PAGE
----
Scan Magazine | Issue 73 | February 2015

Page 73

2_6_ScanMag_72_Feb_2014_Text_Q9_Scan Magazine 1 04/02/2015 10:59 Page 73

Scan Business Key Note 73 | Conferences of the Month 74 | Business Calendar 77 | Business Column 78




Take a breath By Paul Blackhurst, Client Director at Mannaz

As you read these words, do you notice yourself breathing? I assume that you are breathing; otherwise, you will not make it to the end of the article. (Or will you? – keep reading) Research suggests that we should pay more attention to something we do 25,000-35,000 times each day. Danish free-diving World Champion Stig Severinsen uses his own body as a laboratory and uses his medical knowledge to coach people in the benefits of conscious breathing. What gives Stig the right to advise others? Well, he spent 22 minutes under water without breathing, capturing the Guinness World Record in May 2012. Two years earlier, he swam 76 metres under ice wearing nothing but a bathing suit and goggles. The previous record was below 15 metres. Stig, and his 14-litre lung capacity, seems to know something. Stig estimates that most of us use around 60 per cent of the capacity of our lungs and yet the impact of the way we breathe on the way we feel and our general health is immense. For business people, breathing correctly holds the key to controlling stress, to building rapport and to creating a sense of positive wellbeing.

When stressed, we tend to breathe in a shallow, fast way using the top part of the lungs. This engages the sympathetic nervous system with its consequent adrenaline and cortisol production, increased heart rate and raised blood pressure. Our focus narrows and our ability to think diminishes. Good breathing, however, especially the focus on the outbreath, engages the parasympathetic nervous system and taps into the Vagus nerve (from Latin, meaning wandering, like a vagrant or a vagabond) which connects the brain to the lungs, heart, and most internal organs. The “ahhh� noise you make when you sit down after a long day is the outbreath that turns on the Vagus nerve and prepares the body to rest, digest and do our best thinking. Breath holding, as the pranayama yoga gurus have known for a very long time, also builds mental strength as we learn we can overcome the panic response that comes when we are short of breath. Wherever you are, you have the chance to focus on your breathing. Inhale through the nose, use your diaphragm to breathe into your belly, lower your shoulders, relax your jaw and relax your tongue (you will look strange but trust me). Breathe in for a count of four, hold your breath for a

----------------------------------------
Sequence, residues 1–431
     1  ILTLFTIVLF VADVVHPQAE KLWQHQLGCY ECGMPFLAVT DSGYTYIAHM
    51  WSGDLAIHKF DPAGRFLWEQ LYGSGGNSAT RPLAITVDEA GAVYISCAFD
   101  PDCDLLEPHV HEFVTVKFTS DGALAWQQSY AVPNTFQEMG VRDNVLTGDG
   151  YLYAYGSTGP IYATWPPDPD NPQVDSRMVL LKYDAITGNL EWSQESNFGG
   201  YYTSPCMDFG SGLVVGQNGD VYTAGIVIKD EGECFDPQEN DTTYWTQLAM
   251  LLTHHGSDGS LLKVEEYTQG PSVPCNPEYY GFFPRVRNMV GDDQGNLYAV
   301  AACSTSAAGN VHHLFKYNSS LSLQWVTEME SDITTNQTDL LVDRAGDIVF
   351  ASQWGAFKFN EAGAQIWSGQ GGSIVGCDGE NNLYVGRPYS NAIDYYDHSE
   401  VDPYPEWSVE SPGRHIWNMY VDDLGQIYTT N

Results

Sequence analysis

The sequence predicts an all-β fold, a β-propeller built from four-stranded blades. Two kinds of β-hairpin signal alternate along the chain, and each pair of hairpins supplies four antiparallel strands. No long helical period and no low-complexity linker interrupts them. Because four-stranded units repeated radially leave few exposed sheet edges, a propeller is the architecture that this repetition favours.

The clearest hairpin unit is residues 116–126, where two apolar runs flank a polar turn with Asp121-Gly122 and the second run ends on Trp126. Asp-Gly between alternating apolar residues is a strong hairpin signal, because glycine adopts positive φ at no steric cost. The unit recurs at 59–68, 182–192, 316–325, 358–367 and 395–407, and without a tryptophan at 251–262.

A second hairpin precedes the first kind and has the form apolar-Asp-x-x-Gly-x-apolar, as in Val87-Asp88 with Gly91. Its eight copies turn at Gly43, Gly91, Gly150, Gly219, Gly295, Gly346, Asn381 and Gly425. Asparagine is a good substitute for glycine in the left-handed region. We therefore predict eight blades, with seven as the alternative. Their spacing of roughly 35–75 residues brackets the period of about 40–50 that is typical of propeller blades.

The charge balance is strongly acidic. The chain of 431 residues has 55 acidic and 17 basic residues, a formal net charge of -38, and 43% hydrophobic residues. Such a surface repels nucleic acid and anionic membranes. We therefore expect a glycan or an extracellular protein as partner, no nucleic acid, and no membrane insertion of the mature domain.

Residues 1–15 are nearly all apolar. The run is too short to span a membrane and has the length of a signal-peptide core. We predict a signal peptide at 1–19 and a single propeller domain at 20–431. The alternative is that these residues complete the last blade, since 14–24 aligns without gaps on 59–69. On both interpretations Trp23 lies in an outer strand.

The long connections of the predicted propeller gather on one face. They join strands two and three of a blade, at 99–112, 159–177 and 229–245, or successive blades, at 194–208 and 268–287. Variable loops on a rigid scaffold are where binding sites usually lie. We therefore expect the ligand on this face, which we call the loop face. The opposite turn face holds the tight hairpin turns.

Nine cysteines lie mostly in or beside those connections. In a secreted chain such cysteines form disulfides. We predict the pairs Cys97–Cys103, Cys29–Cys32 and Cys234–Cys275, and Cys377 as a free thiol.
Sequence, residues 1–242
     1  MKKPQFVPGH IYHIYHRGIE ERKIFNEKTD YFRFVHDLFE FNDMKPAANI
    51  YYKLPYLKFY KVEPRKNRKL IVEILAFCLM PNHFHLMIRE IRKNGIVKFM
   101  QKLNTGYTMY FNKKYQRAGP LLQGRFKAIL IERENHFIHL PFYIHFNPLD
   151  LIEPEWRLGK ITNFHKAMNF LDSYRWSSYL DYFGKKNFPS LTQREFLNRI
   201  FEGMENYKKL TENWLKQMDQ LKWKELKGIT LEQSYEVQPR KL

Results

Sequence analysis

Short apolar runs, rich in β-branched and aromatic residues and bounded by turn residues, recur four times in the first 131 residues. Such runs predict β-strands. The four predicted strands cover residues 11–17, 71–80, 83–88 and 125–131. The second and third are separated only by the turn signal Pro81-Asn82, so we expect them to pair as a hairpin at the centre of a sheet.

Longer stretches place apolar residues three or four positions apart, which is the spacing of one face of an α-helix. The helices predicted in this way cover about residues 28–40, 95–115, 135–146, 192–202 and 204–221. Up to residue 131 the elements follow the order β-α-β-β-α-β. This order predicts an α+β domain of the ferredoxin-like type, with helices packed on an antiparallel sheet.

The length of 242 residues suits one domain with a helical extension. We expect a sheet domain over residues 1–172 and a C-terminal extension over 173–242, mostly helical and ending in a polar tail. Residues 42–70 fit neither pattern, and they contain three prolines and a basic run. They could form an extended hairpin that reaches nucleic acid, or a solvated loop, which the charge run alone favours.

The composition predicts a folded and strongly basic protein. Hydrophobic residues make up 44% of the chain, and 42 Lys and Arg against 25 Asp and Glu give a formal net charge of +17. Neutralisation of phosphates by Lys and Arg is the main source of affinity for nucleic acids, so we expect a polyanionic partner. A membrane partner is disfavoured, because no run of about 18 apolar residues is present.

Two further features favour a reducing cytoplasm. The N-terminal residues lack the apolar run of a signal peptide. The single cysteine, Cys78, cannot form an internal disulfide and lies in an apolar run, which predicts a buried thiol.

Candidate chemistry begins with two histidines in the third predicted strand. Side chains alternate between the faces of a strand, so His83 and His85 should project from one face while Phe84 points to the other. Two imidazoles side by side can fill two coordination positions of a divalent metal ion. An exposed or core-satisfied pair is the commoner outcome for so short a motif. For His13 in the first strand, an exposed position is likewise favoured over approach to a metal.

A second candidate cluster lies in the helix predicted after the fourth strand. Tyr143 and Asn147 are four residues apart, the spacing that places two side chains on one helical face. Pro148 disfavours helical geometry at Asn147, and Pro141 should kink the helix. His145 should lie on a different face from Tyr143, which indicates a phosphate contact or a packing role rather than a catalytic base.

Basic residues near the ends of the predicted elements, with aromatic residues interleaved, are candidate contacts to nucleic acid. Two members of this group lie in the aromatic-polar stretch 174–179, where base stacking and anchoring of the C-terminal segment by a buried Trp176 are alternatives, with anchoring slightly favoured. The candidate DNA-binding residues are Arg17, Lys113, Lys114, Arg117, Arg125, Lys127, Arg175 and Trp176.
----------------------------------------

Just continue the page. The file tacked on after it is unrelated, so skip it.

count of four and exhale for a count of eight. Do that several times and you should feel more relaxed and in control because you are spending more time on the outbreath. If that feels a little weird, try singing. When we sing, we typically spend longer breathing out as we hold the note and this has the same physiological effect. So, depending on where you are right now, practice longer outbreaths or burst into song. And, remember, what happens in Vagus, stays in Vagus.

Paul Blackhurst

Issue 73 | February 2015 | 73

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